There is this old legend about the Sirens. The Sirens were ancient sea nymphs that had incredible voices. When sailors sailed past the Sirens they would hear their voices and it was so compelling it made them want to turn the ship. In many cases the ship’s captain would steer the ship towards the Sirens and in the process they would crash the ship against the rocks and everyone on board would be killed. Or, in other cases, sailors would jump off the edge of the ship and try to swim to the Sirens and never make it. In Homer’s poem The Odyssey he describes how Ulysses has heard the reports and is about to sail past the Sirens. He instructs the entire crew to put cotton balls in their ears so that they can’t hear the call of the Sirens. He told his crew to tie him up to the mast of the ship and until they reached a point well past the Sirens to not listen to anything he said. The sailors chained him to the mast and went on doing their jobs because they couldn’t hear the Sirens but Ulysses can. Over and over again he demands that the men to release him and steer him towards the Sirens but they refused to listen until they reach their point. The only reason Ulysses and his crew were able to sail successfully past the Sirens is because the rest of the crew couldn’t hear them and Ulysses wouldn’t allow himself to be pulled off course.
I want to give you a challenge to do for the rest of this week. I want you to evaluate everything in your life that’s calling for your attention. We live in a society where the television, radio and the Internet are screaming for your attention. I want you to look at everything in your life that demands your attention and I want you to evaluate it by one measure only: Does it point my focus towards Jesus or is it pulling my attention away? It is really, really hard in our society to keep your focus on Jesus when everything is screaming for your attention and most of it, if you’re not careful, will pull you away.
Hebrews tells us we have to run smart to run this Christian race. We also have to stay focused. But, let me honest with you, every Olympic champion – doesn’t matter what time period or event – has one thing in common and that one thing is that they never quit. The last challenge from Hebrews 12:3, is that no matter how bad it gets don’t give up.
III. Don’t quit.
Think of all the hostility he endured from sinful people; then you won’t become weary and give up.
The famous American author and artist Elbert Hubbard once said, “Victory is a matter of staying power.” It is just simply the guy or gal who hangs in there and doesn’t give up. I promise you the person who gives up is never the champion and never wins the gold medal.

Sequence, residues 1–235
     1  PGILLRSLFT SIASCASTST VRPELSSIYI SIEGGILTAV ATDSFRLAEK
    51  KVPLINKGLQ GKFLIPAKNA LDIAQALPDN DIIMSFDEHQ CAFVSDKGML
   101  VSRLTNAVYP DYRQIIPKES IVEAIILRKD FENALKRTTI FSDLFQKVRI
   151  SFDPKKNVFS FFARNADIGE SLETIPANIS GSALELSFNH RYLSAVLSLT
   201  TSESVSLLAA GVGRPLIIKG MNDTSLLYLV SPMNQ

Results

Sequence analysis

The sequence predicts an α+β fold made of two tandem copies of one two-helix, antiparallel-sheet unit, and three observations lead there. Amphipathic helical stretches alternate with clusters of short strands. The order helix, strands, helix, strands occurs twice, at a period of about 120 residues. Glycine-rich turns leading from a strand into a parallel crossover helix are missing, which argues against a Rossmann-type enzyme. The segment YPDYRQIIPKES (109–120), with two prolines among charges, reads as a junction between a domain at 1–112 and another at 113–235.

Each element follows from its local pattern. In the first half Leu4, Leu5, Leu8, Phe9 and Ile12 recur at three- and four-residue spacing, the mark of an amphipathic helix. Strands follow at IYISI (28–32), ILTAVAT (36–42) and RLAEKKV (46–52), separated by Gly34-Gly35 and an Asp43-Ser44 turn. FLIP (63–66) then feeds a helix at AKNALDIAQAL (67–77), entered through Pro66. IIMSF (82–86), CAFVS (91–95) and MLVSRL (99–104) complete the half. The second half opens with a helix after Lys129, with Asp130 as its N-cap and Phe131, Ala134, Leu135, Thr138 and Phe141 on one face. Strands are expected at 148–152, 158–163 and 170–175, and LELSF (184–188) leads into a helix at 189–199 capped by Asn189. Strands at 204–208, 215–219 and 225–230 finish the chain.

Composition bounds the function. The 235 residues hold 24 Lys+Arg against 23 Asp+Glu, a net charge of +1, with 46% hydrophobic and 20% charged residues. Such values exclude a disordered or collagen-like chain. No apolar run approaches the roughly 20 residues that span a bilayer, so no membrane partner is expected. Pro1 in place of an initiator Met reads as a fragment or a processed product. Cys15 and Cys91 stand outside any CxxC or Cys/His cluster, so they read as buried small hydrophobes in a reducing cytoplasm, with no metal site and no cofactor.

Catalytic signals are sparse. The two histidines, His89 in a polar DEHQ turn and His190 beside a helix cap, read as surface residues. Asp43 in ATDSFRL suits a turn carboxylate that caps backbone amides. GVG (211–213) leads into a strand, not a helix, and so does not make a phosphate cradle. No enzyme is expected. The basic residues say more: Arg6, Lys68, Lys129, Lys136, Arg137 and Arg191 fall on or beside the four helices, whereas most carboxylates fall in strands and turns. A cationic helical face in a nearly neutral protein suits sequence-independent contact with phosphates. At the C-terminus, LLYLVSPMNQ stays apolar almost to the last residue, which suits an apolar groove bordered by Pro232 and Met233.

Hebrews tells us not to put our focus on other people but to only focus on Jesus. The implication here is that it is tough to live the Christian life. When it starts to get hard and you feel like giving up continue to remember what Jesus did. I’ll give you a hint about next week, the writer will challenge you about the fight against sin and he will assure us that we haven’t gone as far as Jesus because it cost him his life. The fact that you are listening to me means you haven’t given your life up in the fight against sin. Don’t stop fighting! Don’t give up! When you get weary; don’t lose heart. Here’s how it all fits together. The way that you run your race with endurance is by running smart, staying focused and never quitting, even when you want to. Remain faithful to Christ and trust him and not yourself to keep going.
You’ve probably never heard the name Katerina Neumannova before. Neumannova was from the Czech Republic and compete in the 2006 Olympics. She was a long distance cross-country skier. Neumannova wanted to have a family. Everyone told her that she couldn’t be a successful cross-country skier and have a family at the same time. She refused to believe it. In 2004 she had a baby, Lucie. For the next two years everywhere that Neumannova went she took Lucie with her. Neumannova trained twice as hard so that she could be both a mother and a great cross country skier.
During the cross-country event in the Olympics for more than an hour those women are skiing through the woods. Neumannova completed this event in 1:22:25.4. That doesn’t mean anything to you unless you know that for the entire race Neumannova was behind the two fastest women in the world, a lady from Poland and a lady from Russia. Commentators and spectators were saying even during the race that she couldn’t be both a mother and a great cross-country skier. Neumannova proved them wrong. In the last hundred yards, she shocked the world. When the skiers in the front of the pack entered the stadium it erupted in applause. Neumannova was in third place. In the last few yards of the race Neumannova kicked into a gear the other two ladies didn’t have and collapsed across the finish line in the closest race in the history of the women’s 30km cross-country ski event. She won by 1.4 seconds. As soon as she crossed the finish line her two-year-old daughter Lucie ran out to greet her. She was able to beat the two most successful women skiers in the world and she became a national hero. Katerina Neumannova won the first gold medal that her country received in the 2006 Olympics.
I have a challenge for you today. My challenge for you is that you run smart, stay focused and don’t quit when it gets tough. Then you will have the joy of seeing your Savior face to face in heaven. You will also have the joy of hearing, “Well done my good and faithful servant. I laid a course out for you to run and you ran your course very, very well.”
- Have you recorded your story yet? When do you plan to record and share it?
- If you could have one superpower what would it be? Why?
- Do you ever wish you could live someone else’s life? (Why or why not?)
- Who are the people that have been a great example to you in the faith? (Who are your great cloud of witnesses?)
- Read Philippians 3:12-16. What is the goal that you are working toward? How hard are you working toward it? (Scale of 1-10)
- How have you fixed your eyes on Jesus this week?
- Pray for each other this week that we would not grow weary and give up when our race gets tough.